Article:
American Forces Press Service
Sept. 13, 2007 - President Bush said tonight that he accepts Army Gen. David H. Petraeus' recommendations on the U.S. strategy in Iraq and reduced troop levels. Bush said in a White House address that the strategy implemented eight months ago, which included a 30,000-troop surge, has enabled coalition troops and Iraqi security forces to make progress against al Qaeda and other extremists. He cited turnarounds in Baghdad, where violence is down, and in Anbar province, a region previously considered lost to terrorists.
While acknowledging that the challenge in Iraq remains "formidable," Bush said that testimony to Congress this week by Petraeus and U.S. Ambassador to Iraq Ryan C. Crocker led him to conclude that conditions have improved enough to begin reducing the U.S. force.
"The premise of our strategy is that securing the Iraqi population is the foundation for all other progress," the president said. "The goal of the surge is to provide that security, and to help prepare Iraqi forces to maintain it."
Success in meeting these objectives "now allows us to begin bringing some of our troops home," he said.
Petraeus recommended that a Marine expeditionary unit deployed as part of the surge not be replaced when it leaves Iraq later this month and that one of 20 U.S. combat brigades not be replaced when it redeploys in mid-December. Four more brigade combat teams and two surge Marine battalions will redeploy without replacement during the first seven months of 2008.
This plan, which Petraeus emphasized must be carried out with close scrutiny to changing conditions on the ground, would bring down the U.S. presence in Iraq from 20 to 15 brigade combat teams by mid-July.
Bush said the principle that guided his decisions on troop levels in Iraq was "return on success."
"The more successful we are, the more American troops can return home," he said. "And in all we do, I will ensure that our commanders on the ground have the troops and flexibility they need to defeat the enemy."
Iraqi leaders support the vision of a reduced U.S. troop presence in Iraq, the president said. But, he added, they also understand that their country's success will require U.S. political, economic and security engagement that will extend beyond the Bush presidency.
"These Iraqi leaders have asked for an enduring relationship with America," he said. "And we are ready to begin building that relationship, in a way that protects our interests in the region and requires many fewer American troops."
The president conceded that political progress in Iraq hasn't occurred as quickly as hoped. "The government has not met its own legislative benchmarks, and in my meetings with Iraqi leaders, I have made it clear that they must," he said.
The Iraqi government must exert the same determination it is demonstrating as it takes on extremists to achieve reconciliation, Bush said. He acknowledged that this represents "an enormous undertaking after more than three decades of tyranny and division."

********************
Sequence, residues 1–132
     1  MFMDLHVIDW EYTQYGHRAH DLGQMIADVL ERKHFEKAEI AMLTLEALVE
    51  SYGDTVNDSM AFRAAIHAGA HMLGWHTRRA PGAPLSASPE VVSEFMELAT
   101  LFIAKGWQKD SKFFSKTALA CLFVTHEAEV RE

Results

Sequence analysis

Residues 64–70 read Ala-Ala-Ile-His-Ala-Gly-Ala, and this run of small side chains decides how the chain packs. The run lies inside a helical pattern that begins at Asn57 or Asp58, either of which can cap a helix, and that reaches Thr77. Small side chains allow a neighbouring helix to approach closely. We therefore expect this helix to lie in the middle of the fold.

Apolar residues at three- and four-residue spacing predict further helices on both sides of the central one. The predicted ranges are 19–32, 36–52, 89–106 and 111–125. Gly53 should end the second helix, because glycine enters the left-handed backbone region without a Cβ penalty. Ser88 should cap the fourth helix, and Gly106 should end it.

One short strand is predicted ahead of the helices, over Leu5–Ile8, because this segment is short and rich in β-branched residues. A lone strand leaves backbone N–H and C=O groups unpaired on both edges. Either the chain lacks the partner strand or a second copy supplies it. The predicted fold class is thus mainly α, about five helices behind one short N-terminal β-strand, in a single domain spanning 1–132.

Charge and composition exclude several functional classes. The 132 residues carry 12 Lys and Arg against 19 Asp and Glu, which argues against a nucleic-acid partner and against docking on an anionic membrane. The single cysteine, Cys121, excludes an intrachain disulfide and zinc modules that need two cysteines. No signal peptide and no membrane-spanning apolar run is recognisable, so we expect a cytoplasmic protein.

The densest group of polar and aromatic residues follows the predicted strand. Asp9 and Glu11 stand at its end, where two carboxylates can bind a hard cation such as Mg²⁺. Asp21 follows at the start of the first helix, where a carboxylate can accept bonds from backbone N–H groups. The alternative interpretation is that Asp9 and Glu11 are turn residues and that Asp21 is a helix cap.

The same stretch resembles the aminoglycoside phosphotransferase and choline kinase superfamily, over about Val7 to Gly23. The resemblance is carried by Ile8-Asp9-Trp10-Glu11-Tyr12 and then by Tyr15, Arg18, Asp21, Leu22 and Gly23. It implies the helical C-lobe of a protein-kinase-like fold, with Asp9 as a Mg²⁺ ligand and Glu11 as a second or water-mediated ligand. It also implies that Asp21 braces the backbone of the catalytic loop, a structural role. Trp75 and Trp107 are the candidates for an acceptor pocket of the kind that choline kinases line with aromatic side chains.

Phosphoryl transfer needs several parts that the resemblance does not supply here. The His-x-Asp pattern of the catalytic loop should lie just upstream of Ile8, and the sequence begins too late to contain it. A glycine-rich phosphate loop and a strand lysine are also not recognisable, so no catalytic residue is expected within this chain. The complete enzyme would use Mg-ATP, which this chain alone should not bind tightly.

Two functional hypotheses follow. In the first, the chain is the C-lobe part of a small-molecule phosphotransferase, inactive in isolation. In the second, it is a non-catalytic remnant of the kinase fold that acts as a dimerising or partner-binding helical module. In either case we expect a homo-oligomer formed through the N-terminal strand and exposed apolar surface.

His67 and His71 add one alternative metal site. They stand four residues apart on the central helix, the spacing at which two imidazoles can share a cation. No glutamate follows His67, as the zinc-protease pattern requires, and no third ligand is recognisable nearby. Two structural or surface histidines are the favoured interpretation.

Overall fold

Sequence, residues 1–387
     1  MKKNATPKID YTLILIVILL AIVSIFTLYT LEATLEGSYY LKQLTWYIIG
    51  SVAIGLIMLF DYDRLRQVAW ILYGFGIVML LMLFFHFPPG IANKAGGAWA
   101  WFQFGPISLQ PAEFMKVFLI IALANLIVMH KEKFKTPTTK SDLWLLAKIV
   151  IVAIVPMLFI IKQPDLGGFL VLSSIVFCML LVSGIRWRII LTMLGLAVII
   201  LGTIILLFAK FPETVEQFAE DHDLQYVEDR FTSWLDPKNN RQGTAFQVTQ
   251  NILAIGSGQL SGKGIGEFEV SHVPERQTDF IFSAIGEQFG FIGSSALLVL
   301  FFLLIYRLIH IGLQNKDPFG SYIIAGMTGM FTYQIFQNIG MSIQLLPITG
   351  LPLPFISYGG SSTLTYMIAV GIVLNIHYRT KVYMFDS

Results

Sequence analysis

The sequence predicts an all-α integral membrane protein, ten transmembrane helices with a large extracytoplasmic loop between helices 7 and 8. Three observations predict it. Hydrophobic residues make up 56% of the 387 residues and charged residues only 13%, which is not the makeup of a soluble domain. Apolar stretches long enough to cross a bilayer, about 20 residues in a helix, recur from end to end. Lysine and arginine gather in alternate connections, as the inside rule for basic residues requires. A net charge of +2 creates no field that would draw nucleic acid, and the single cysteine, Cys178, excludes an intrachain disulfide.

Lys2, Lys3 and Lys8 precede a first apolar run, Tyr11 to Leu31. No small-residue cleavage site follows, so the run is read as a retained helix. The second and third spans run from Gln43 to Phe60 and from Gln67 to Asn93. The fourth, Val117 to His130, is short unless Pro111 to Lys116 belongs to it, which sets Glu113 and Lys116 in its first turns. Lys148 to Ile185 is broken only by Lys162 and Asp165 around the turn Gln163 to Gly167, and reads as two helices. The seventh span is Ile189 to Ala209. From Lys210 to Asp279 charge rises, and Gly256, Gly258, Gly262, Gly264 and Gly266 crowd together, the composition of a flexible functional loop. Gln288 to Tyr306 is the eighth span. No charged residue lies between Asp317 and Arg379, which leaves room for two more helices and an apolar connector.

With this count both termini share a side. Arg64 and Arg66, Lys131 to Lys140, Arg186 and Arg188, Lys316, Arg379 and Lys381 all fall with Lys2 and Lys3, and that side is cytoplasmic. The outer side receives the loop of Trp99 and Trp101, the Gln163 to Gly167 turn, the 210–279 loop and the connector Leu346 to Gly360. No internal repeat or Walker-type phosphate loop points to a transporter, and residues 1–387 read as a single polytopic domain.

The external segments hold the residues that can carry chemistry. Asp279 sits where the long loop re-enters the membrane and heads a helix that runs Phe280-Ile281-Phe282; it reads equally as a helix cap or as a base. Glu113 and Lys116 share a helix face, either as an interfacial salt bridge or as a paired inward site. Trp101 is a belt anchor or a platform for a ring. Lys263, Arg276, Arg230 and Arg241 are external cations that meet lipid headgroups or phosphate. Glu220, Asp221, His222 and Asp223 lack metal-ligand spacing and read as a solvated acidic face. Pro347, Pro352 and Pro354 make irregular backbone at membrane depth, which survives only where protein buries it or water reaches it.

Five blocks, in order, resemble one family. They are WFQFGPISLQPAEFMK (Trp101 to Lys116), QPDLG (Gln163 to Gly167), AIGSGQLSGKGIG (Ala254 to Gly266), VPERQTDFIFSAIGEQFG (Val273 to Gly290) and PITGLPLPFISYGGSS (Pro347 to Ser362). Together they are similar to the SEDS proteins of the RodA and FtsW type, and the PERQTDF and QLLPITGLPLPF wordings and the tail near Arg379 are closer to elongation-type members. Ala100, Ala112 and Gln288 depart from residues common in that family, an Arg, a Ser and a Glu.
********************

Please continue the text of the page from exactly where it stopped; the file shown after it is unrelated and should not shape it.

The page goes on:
Bush expressed optimism about reconciliation taking place at the local level. "The key now is to link this progress in the provinces to progress in Baghdad," he said. "As local politics change, so will national politics."
He emphasized that Iraq's national leaders are making progress in other areas. For example, they've passed a budget and are sharing oil revenues with the provinces. Many of the positive developments aren't recognized because they "don't make headlines," Bush said, "but they do make a difference."
The president disputed claims from some corners that gains being made in Iraq have come too late. "It is never too late to deal a blow to al Qaeda," he said. "It is never too late to advance freedom. And it is never too late to support our troops in a fight they can win."
Now is no time to abandon Iraq, a U.S. ally fighting for its survival, Bush said. What happens in Iraq will have a major impact, not just on Iraq and its neighbors, but on the United States, he said.
"Terrorists and extremists who are at war with us around the world are seeking to topple Iraq's government, dominate the region, and attack us here at home," he said. "Tonight, our moral and strategic imperatives are one: We must help Iraq defeat those who threaten its future and also threaten ours."
Bush conceded that the war has left divisions, but called on the country and Congress to come together to support the mission in Iraq.
"Americans want our country to be safe and our troops to begin coming home from Iraq. Yet those of us who believe success in Iraq is essential to our security and those who believe we should bring our troops home have been at odds," he said.
Bush said the way forward he described tonight "makes it possible, for the first time in years, for people who have been on opposite sides of this difficult debate to come together."
Failure in Iraq isn't an option, the president said. "The success of a free Iraq is critical to the security of the United States," he said.
"Whatever political party you belong to, whatever your position on Iraq, we should be able to agree that America has a vital interest in preventing chaos and providing hope in the Middle East," he said. "We should be able to agree that we must defeat al Qaeda, counter Iran, help the Afghan government, work for peace in the Holy Land, and strengthen our military so we can prevail in the struggle against terrorists and extremists."
Realizing this vision "will be difficult, but it is achievable," the president said. "Our military commanders believe we can succeed. Our diplomats believe we can succeed," he said. "And for the safety of future generations of Americans, we must succeed."